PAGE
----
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Spokane, Washington  Est. May 19, 1883
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News >  Washington

State agency wants to increase prescribed burns for healthier forests

UPDATED: Mon., Dec. 24, 2018

Smoke from an early October burn billows out from a ridge above Roslyn. The prescribed fire is intended to help create a more defensible space. (Nikolaj Lasbo / The Nature Conservancy)
Smoke from an early October burn billows out from a ridge above Roslyn. The prescribed fire is intended to help create a more defensible space. (Nikolaj Lasbo / The Nature Conservancy)
By Luke Thompson Yakima Herald-Republic

YAKIMA, Wash. – The state of Washington wants to ramp up prescribed fire to aid forest restoration efforts, marking a significant departure from recent decades.

State laws and regulations strictly limit prescribed fire, and the Department of Natural Resources had virtually stopped using it until the election of Public Lands Commissioner Hilary Franz in November 2016.

Franz said the state saw 63,000 acres burned by various agencies in 2017 and she hopes to help Washington expand efforts by building resources and removing barriers for other organizations.

“We will be able to rapidly expedite and increase the amount of prescribed fires,” Franz said.

A survey report released Tuesday by the Coalition of Prescribed Fire Councils revealed prescribed burning increased in the West Region, which includes all states to the north and west of New Mexico and Kansas. That region accounts for 3.3 million acres of land that underwent prescribed burning, or 29 percent of the total across the country. More than 1 million of the total was in Kansas alone.

The coalition’s early reports for 2018 show Washington has nearly caught up to Oregon, which has typically been well ahead of its northern neighbor. The two states burned nearly the same amount of acres for forestry and agricultural purposes this year, according to the coalition’s chair, Mark Melvin.

Challenges out of Franz’s control – notably weather and topography – make it inconceivable for Washington to ever catch up to warmer, flatter central and southeast states that began widespread use of prescribed fires many years ago. But Washington Prescribed Fire Council chairman Reese Lolley, who works for The Nature Conservancy, believes the state could double or triple the annual amount of acres burned within a decade. The council brings together representatives from state and federal agencies, nonprofits, private industry, tribes and universities.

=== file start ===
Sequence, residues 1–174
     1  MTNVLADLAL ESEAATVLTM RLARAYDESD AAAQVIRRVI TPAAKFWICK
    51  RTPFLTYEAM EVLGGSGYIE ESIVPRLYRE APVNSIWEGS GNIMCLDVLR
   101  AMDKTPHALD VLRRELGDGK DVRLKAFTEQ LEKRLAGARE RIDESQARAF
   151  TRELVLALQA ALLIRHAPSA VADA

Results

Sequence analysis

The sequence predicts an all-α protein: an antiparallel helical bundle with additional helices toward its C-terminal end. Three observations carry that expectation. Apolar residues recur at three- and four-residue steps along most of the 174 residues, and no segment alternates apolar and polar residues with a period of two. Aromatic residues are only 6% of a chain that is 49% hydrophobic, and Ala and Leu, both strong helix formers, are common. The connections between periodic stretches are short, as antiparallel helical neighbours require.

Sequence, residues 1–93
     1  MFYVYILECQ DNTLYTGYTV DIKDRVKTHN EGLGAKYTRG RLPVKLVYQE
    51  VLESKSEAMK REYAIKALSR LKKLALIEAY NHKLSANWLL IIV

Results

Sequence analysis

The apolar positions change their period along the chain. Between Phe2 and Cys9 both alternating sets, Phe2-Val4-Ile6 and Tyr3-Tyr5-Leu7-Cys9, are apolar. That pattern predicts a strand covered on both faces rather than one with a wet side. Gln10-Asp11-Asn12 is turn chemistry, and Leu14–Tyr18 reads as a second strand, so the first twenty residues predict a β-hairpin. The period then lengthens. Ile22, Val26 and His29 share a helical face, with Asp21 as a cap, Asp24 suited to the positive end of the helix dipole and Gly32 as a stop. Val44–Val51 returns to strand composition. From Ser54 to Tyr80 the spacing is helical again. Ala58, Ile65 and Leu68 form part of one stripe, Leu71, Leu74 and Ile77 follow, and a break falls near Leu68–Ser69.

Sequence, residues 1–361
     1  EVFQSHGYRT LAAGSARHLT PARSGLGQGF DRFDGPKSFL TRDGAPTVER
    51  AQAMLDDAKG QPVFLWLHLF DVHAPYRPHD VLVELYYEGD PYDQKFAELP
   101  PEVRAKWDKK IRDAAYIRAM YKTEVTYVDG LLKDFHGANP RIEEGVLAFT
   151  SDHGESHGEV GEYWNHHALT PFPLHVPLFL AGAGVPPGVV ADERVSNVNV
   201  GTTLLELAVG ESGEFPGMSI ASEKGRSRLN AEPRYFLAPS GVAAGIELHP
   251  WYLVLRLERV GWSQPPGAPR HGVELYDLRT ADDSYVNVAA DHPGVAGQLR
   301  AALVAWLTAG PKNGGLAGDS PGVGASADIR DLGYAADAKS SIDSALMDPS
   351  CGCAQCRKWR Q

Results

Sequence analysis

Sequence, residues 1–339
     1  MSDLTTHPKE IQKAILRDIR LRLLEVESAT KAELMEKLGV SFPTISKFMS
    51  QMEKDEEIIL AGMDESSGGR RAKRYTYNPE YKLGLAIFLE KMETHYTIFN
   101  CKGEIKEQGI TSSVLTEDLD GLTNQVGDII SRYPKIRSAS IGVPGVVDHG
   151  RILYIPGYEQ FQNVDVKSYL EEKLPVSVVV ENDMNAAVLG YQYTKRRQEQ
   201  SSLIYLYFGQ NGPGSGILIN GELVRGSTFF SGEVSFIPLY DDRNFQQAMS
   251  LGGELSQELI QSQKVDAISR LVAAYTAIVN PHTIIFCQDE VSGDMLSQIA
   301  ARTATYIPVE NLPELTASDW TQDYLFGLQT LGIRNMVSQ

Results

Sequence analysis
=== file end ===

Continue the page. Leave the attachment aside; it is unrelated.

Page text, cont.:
Earlier this month, the Department of Natural Resources issued a report from a pilot burning project approved by the Legislature in spring 2016. It offered a host of recommendations, including changes to regulations, improving collaboration and community outreach, and increasing funding and training for prescribed fires.

Fire limitations

Washington’s record-breaking fire seasons of 2014 and 2015 served as a harrowing call to action for many in state government.

In Washington state, DNR and the WDFW both manage land and are involved in forest management. The picture also includes the U.S. Forest Service, the Bureau of Land Management, tribes, and private landowners such as The Nature Conservancy.

Although Washington Department of Fish and Wildlife’s Dale Swedburg, Lolley and others initiated the first statewide prescribed fire council in 2012, the issue got little attention from legislators in Olympia.

Lolley said lawmakers essentially asked the Department of Natural Resources to stop using prescribed fire in the 1980s, so all knowledge and resources disappeared from the agency. At that point, the commonly held belief was all fire was bad. Even when research showed otherwise, it has taken time to change regulations and momentum.

“In (’14-’15) there was a real recognition from the Legislature and I think the general public that we really needed to engage all the different tools to create both safer communities and a more resilient forest,” said Lolley, the prescribed fire council’s chair for the past five years.

More than 60 bills were proposed from the Legislature in 2015 to address the wildfire issues. Only one – House Bill 2928 – passed, but it allocated $800,000 for a pilot burning project, encouraging the Forest Service as well as the state’s Fish and Wildlife Department to conduct more prescribed burns. Still, Lolley said the DNR remained out of the picture until Franz was elected in November 2016.

According to the Coalition of Prescribed Fire Council’s report, the number of acres burned by prescribed fire in Washington went down by more than 10 percent in 2017 compared to the average from 2011 and 2014. The decline could be related to weather conditions, access to trained staff and individual landowner needs, said DNR communications manager Stevie Mathieu.